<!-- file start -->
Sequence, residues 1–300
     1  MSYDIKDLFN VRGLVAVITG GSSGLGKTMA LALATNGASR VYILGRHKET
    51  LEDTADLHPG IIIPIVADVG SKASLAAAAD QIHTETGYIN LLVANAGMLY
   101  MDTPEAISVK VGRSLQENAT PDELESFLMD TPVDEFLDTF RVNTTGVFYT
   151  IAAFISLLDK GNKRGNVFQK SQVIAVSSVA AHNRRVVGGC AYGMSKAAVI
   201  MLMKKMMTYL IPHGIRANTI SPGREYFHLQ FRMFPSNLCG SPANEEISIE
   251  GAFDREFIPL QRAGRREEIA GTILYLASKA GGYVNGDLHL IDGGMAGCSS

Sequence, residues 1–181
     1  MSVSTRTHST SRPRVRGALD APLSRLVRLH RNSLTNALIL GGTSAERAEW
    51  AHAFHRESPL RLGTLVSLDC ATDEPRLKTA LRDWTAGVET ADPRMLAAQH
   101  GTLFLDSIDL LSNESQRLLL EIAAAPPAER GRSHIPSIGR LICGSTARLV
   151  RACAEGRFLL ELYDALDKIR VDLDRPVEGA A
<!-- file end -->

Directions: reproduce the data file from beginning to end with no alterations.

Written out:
Sequence, residues 1–300
     1  MSYDIKDLFN VRGLVAVITG GSSGLGKTMA LALATNGASR VYILGRHKET
    51  LEDTADLHPG IIIPIVADVG SKASLAAAAD QIHTETGYIN LLVANAGMLY
   101  MDTPEAISVK VGRSLQENAT PDELESFLMD TPVDEFLDTF RVNTTGVFYT
   151  IAAFISLLDK GNKRGNVFQK SQVIAVSSVA AHNRRVVGGC AYGMSKAAVI
   201  MLMKKMMTYL IPHGIRANTI SPGREYFHLQ FRMFPSNLCG SPANEEISIE
   251  GAFDREFIPL QRAGRREEIA GTILYLASKA GGYVNGDLHL IDGGMAGCSS

Sequence, residues 1–181
     1  MSVSTRTHST SRPRVRGALD APLSRLVRLH RNSLTNALIL GGTSAERAEW
    51  AHAFHRESPL RLGTLVSLDC ATDEPRLKTA LRDWTAGVET ADPRMLAAQH
   101  GTLFLDSIDL LSNESQRLLL EIAAAPPAER GRSHIPSIGR LICGSTARLV
   151  RACAEGRFLL ELYDALDKIR VDLDRPVEGA A